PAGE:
Managing Emotions: White-Water Rafting Guides And The Emotional Labor Theory
In 1983 Arlie Russell Hochschild published a book approaching the management of emotions in flight attendants and bill collectors. The Managed Heart: Commercialization of Human Feeling discussed the relationship between workers and emotions introducing the term ‘emotional labor’, a justification for the management of emotions as well as the techniques used to manage feelings. Hochschild’s book was influential in many studies regarding different types of workers including lawyers, teachers and nurses. The purpose of this thesis was to understand the management of emotions in white-water rafting guides using the emotional labor theory elaborated by Hochschild (1983) as the theoretical framework. This study also aimed to explore the elements of emotional management in white-water rafting guides; to investigate white-water rafting guides’ perceptions of emotional labor; and to comprehend the relationship between work and non-work and its influence in the emotional management of rafting guides. To achieve these aims an empirical research and data collection process was undertaken in Queenstown, New Zealand, where the author spent fifty days interviewing and observing white-water rafting guides. Many elements of the emotional labor theory proposed by Hochschild (1983) were identified in the interpretation of the data collected including deep and surface acting and the burnout effects resulting from the management of emotions. However not all the data collected with rafting guides corroborate with the emotional labor theory. Indeed, the concept of work, vital for Hochschild’s (1983) theory, was presented in a different way by white-water rafting guides when compared to the flight attendants and bill collectors analysed in the original theory. The results of this thesis indicate that white-water rafting guides approach their work activity in two different ways and for this reason they were divided in this thesis into two groups; namely ‘occupational devotees’ and ‘lifestylers’. The ‘occupational devotees’ are committed to the organisational rules but at the same time they are passionate for their work; seen by themselves as a self-enhancing activity. The ‘lifestylers’ on the other hand are transient workers and their work is their leisure, their lifestyle, and it is incorporated in their personality and behaviour. To ‘lifestylers’ the work self is also their real, personal self and consequently they are committed to their own lifestyle. After analysing and discussing the emotional management of white-water rafting guides using Hochschild’s (1983) work and considering the incompatibilities between what is proposed in the emotional labor theory and the data collected, this thesis presented a new conceptual model called Emotional Life. While the idea of emotional labor regards specifically the management of emotion at work with limited connections to the non-work environment, the Emotional Life framework links, with blurred boundaries between them, the emotional performance at work and at non-work and the emotional performance originated by ‘non-real’ events (the emotional simulacrum).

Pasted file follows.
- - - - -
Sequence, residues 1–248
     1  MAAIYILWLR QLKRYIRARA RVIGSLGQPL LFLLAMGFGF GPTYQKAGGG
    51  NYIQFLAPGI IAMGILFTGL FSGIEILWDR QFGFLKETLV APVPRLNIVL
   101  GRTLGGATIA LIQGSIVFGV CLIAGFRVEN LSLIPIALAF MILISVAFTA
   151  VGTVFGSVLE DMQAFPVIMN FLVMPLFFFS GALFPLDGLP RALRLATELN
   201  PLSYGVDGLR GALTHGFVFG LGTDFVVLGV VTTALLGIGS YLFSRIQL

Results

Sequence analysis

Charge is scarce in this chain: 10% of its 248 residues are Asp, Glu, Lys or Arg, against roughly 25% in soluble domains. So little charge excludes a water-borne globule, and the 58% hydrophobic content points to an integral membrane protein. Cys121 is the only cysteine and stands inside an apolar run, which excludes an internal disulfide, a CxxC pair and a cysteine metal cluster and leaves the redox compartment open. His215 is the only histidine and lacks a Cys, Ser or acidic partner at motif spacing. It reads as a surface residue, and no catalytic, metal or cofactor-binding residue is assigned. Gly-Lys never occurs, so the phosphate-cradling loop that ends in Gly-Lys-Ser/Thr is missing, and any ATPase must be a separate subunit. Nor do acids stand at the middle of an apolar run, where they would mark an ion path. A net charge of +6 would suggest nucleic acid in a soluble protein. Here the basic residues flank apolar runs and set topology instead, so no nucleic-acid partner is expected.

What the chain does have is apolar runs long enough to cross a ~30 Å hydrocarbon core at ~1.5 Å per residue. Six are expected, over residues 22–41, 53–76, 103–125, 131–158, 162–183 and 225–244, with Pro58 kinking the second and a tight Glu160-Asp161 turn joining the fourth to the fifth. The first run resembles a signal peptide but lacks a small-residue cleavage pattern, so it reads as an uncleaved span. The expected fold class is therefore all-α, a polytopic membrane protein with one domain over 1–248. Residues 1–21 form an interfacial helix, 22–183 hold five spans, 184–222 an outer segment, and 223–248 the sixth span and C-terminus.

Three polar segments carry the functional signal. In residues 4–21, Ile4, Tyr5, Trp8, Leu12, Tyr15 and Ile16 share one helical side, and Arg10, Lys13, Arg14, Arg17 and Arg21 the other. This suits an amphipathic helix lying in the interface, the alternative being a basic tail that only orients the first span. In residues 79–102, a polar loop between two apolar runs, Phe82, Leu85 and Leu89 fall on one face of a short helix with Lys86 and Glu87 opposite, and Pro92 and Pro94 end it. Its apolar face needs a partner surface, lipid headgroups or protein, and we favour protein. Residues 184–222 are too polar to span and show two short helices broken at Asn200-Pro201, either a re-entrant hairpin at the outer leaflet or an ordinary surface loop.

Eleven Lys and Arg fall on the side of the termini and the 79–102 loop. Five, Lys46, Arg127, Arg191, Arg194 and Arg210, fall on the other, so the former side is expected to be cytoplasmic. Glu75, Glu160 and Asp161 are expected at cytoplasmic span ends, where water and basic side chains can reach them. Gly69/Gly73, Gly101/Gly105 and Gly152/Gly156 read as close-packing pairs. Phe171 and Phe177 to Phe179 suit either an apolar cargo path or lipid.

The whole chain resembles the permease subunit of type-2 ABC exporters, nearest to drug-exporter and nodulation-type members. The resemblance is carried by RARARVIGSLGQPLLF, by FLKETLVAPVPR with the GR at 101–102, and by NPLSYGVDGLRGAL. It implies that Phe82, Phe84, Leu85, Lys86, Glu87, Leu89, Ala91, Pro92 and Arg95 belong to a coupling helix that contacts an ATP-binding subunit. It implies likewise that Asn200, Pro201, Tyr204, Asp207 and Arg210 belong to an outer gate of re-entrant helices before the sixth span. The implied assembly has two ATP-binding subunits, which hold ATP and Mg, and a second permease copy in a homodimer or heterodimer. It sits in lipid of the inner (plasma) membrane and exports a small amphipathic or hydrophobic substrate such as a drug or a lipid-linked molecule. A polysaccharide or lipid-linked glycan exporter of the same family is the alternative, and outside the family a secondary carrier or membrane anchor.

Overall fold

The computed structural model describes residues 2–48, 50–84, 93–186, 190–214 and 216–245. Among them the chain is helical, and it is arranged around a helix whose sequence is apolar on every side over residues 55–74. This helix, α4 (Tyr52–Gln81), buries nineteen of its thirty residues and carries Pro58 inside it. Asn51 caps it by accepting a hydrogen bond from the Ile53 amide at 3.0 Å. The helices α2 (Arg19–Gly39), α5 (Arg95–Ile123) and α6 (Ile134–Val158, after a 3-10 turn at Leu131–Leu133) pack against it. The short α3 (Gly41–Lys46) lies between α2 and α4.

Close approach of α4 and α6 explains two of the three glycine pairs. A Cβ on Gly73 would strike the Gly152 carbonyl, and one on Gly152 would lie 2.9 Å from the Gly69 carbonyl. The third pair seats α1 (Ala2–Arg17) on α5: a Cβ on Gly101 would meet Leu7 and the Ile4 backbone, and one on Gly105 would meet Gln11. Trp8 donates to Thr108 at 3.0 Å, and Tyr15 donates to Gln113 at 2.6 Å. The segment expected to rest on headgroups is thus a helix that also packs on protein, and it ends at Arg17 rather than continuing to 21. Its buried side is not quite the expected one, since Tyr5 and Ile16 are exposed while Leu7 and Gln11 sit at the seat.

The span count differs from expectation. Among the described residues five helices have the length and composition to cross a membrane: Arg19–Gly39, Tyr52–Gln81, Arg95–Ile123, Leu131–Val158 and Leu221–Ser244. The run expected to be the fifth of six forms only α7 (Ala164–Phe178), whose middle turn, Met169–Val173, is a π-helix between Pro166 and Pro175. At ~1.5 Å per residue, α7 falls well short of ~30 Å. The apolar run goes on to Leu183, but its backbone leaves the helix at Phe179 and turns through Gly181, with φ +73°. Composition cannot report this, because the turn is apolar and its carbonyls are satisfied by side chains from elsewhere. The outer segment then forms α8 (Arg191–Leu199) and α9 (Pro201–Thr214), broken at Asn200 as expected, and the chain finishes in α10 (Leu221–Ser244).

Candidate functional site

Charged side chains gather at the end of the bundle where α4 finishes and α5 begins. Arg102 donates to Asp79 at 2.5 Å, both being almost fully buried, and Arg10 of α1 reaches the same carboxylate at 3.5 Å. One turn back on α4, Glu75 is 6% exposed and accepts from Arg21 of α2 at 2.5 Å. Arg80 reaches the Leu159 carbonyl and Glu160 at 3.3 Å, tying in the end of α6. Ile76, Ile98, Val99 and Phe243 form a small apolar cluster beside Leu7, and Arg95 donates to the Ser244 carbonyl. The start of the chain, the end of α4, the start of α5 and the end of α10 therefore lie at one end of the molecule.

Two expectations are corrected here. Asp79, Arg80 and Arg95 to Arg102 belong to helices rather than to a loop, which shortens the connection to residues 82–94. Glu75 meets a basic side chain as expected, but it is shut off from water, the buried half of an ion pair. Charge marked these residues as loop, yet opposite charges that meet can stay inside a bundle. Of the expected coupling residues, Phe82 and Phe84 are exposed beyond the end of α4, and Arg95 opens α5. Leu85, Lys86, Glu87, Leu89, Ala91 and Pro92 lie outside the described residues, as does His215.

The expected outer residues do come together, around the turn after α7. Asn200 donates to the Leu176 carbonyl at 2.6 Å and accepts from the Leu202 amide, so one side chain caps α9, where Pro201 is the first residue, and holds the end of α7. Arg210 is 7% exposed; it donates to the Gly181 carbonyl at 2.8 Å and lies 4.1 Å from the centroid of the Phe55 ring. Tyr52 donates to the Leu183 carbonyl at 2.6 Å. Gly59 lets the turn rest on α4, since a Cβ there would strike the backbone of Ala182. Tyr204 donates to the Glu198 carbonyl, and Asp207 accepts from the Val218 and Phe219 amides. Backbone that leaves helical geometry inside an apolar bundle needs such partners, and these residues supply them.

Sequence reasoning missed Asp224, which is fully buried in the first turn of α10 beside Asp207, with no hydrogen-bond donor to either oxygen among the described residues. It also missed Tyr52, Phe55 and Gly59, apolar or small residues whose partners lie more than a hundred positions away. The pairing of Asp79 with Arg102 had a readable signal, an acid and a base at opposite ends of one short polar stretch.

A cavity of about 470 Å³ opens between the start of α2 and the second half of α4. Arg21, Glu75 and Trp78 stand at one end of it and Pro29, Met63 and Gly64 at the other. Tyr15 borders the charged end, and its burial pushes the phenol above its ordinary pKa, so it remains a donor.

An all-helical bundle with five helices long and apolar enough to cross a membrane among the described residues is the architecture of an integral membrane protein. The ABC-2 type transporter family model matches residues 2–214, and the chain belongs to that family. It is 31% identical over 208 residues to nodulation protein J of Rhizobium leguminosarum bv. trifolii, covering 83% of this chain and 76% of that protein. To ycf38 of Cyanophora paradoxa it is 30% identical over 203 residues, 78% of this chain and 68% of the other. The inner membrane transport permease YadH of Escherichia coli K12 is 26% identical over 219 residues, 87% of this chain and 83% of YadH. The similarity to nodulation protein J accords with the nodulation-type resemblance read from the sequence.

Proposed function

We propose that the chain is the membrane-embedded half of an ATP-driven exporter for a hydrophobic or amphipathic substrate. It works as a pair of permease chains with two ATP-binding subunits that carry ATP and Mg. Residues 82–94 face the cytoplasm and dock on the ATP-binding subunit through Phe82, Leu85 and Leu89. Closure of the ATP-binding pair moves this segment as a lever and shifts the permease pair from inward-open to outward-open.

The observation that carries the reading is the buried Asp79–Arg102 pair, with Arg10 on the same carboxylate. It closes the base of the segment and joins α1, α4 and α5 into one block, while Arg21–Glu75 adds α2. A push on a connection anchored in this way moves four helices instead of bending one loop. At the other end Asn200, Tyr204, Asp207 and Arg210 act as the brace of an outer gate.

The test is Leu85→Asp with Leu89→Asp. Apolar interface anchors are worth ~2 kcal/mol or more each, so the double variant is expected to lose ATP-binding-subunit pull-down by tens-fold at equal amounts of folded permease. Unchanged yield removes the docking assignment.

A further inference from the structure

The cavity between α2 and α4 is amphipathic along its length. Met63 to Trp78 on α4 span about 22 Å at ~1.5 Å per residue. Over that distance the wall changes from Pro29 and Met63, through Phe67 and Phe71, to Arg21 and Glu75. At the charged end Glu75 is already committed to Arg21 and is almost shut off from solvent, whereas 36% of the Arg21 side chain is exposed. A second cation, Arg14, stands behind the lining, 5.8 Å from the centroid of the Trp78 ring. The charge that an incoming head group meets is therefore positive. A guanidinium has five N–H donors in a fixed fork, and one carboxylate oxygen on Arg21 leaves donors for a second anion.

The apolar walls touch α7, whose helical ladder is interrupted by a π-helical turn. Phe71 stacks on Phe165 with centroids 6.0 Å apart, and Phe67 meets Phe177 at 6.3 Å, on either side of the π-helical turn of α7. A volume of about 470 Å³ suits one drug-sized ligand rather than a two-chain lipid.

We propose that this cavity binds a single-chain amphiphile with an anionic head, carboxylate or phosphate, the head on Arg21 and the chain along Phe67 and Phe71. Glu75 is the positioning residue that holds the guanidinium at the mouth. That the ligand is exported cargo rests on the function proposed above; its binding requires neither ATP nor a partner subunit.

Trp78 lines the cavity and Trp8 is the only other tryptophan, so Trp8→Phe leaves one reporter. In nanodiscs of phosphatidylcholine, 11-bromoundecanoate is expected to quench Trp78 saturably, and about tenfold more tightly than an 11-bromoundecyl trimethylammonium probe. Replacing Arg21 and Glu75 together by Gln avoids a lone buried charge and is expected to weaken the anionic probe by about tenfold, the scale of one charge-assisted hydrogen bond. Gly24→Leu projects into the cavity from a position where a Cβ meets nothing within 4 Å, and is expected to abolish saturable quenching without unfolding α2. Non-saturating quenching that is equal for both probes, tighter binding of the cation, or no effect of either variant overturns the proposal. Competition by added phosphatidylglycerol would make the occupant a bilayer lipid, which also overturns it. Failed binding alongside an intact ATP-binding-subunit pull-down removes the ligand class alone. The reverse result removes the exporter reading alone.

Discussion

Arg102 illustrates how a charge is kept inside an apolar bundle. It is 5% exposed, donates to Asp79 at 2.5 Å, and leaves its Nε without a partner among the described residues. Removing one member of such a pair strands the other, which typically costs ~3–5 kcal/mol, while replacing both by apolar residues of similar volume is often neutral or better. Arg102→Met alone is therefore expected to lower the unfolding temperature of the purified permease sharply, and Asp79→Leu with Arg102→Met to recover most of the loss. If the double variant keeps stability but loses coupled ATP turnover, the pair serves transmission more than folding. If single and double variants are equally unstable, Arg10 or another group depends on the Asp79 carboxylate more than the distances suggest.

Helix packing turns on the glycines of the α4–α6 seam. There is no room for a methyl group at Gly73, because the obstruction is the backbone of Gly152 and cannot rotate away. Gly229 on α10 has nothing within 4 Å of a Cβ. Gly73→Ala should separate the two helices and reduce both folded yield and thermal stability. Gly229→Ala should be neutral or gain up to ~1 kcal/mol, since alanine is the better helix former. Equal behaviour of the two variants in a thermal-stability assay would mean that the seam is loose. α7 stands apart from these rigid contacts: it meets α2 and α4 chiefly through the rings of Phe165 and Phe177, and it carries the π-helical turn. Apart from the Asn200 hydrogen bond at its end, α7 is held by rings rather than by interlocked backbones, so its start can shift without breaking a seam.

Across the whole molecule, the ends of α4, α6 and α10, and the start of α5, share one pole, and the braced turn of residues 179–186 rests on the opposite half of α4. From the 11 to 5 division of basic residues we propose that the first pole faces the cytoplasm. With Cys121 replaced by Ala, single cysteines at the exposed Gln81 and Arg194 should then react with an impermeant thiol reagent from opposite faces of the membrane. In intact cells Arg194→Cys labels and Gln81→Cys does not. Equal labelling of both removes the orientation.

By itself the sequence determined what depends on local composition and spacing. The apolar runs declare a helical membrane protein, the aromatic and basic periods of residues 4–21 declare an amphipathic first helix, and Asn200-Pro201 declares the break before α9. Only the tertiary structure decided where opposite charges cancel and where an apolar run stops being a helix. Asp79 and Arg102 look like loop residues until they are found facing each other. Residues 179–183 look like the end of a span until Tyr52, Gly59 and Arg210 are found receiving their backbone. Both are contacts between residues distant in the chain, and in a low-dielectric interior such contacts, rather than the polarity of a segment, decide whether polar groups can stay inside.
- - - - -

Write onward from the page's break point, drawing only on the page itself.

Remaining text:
Advisor: Thompson, Anna; Carr, Neil
Degree Name: Doctor of Philosophy
Degree Discipline: Tourism
Publisher: University of Otago
Keywords: Emotional Labor; White-water Rafting
Research Type: Thesis